Corsair K68 Keyboard Melds Dust, Water Resistance With Proven Reliability
I've reviewed enough Corsair products at this point that I can confidently say the company is nearing the pinnacle of peripherals development. However, that doesn't mean that the Corsair K68 mechanical keyboard doesn't bring some new innovations to the table.
But it does mean that outside of several new advancements, the K68 ticks many of the same boxes as other keyboards in the company's line, specifically those of the Corsair K63.
So what's the biggest difference between the two keyboards, besides about $20? Let's take a look.
The Corsair K68 is (Mostly) Water and Dust Resistant
Unlike the K63 model, the Corsair K68 adds several new features that make it dust and water resistant up to IP32 standards. And for those that don't know what the heck IP32 stands for, here's a quick rundown.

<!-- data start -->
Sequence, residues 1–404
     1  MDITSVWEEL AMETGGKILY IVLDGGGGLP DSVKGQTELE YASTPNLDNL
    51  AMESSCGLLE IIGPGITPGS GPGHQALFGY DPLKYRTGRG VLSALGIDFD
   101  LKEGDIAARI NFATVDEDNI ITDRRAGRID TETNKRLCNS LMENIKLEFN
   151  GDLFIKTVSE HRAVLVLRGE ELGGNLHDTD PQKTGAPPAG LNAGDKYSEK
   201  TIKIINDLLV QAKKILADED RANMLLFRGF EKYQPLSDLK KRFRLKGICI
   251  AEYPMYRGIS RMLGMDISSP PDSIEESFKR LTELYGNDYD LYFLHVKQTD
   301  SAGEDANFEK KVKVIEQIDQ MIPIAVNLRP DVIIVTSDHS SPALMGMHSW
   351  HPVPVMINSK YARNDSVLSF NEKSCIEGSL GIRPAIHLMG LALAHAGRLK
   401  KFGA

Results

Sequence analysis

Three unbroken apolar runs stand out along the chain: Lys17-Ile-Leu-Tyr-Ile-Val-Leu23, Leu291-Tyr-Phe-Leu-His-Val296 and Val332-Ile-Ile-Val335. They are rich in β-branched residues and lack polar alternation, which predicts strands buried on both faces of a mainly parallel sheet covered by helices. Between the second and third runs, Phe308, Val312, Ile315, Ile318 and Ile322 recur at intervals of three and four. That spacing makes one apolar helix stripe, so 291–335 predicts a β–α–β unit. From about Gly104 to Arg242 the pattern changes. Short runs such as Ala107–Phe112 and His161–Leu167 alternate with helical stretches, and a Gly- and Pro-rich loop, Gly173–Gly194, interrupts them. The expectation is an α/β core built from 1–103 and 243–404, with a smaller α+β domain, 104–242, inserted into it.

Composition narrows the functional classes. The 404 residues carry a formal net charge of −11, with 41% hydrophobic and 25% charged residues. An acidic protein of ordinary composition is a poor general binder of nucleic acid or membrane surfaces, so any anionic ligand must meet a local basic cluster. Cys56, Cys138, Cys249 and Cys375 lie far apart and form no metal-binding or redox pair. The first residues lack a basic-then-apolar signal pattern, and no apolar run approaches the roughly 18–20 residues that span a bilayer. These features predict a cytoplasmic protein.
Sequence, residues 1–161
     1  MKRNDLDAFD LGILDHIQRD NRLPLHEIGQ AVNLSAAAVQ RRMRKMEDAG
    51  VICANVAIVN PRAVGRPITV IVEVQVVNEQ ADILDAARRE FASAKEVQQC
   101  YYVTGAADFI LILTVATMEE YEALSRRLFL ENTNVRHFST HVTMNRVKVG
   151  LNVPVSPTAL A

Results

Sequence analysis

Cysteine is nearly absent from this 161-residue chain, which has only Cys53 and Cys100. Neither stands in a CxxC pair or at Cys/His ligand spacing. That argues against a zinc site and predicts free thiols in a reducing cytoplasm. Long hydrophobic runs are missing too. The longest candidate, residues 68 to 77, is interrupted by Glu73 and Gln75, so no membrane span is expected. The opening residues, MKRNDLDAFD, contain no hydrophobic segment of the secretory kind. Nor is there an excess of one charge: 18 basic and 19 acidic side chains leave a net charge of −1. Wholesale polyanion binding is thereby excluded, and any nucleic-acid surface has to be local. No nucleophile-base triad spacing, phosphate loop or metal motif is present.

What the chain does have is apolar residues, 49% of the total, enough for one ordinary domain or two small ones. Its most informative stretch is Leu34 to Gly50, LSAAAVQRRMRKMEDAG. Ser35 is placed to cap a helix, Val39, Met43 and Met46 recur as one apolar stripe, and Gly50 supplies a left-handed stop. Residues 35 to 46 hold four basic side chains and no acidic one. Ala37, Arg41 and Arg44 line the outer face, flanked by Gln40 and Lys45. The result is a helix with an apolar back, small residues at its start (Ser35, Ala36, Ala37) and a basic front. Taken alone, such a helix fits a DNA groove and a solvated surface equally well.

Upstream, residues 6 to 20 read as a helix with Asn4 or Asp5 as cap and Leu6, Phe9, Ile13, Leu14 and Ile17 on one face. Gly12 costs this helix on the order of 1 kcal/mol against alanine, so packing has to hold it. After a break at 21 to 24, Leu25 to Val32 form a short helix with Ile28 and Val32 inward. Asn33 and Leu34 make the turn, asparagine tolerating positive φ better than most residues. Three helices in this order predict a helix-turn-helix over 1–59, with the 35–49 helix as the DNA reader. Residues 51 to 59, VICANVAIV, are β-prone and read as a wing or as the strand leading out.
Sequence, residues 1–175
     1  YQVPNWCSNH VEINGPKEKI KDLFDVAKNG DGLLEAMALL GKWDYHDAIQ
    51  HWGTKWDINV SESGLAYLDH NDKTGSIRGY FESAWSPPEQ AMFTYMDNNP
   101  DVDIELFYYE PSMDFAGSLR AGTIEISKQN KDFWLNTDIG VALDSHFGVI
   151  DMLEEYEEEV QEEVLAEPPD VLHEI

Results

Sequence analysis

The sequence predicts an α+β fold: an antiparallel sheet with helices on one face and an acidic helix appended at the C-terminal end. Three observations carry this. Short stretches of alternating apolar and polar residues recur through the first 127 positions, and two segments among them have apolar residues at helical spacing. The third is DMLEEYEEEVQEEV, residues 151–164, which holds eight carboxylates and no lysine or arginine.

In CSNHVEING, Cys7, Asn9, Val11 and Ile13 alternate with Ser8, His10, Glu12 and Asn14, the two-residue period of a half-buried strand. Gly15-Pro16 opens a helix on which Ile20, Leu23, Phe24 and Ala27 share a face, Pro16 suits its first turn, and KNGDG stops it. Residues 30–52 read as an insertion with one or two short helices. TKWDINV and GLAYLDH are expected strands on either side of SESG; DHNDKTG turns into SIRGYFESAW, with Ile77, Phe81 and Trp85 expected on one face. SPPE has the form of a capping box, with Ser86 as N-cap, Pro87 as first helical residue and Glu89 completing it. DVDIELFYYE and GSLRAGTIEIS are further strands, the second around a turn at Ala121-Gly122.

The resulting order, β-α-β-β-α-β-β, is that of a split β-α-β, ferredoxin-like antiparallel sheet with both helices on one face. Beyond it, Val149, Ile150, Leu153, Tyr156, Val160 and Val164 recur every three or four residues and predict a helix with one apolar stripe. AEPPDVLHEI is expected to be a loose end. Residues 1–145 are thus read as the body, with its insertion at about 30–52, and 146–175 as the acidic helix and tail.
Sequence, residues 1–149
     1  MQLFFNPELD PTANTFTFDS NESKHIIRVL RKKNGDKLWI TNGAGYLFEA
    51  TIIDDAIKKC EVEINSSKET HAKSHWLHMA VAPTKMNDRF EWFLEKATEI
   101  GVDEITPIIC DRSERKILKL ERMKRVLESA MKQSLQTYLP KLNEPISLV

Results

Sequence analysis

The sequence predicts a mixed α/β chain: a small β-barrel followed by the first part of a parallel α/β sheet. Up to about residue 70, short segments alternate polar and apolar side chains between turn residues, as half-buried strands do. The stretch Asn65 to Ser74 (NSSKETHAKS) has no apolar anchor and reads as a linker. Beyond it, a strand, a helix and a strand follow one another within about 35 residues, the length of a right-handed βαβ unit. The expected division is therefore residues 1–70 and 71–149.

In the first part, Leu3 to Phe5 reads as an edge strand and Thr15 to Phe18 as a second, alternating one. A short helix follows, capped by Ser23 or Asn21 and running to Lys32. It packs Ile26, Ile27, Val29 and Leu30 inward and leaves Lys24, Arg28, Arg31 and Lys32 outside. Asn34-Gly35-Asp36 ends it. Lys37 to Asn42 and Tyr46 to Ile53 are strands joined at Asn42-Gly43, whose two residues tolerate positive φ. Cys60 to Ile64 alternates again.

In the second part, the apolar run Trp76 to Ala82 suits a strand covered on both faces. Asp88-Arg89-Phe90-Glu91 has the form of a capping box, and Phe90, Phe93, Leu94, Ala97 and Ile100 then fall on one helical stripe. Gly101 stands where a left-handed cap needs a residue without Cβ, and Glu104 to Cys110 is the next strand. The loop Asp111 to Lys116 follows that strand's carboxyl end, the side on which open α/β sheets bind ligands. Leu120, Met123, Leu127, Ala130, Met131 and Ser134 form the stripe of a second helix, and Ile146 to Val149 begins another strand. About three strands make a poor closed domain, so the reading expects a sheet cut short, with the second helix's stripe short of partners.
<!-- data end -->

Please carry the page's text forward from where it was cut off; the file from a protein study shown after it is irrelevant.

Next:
The International Protection Rating, also known as the Ingress Protection Rating, was developed to measure how electronic products (such as keyboards) are protected against intrusion from dust, water, and other foreign bodies. It's an important system because it informs consumers on product protections via a demonstrable number, instead of relying on traditional "waterproof" marketing mumbo jumbo.
So while the Corsair K68 isn't waterproof or dust proof, an IP32 rating means that it is protected against dust particles and debris larger than 2.5mm, as well as vertical water spillage and dripping water.
How Does It Do It?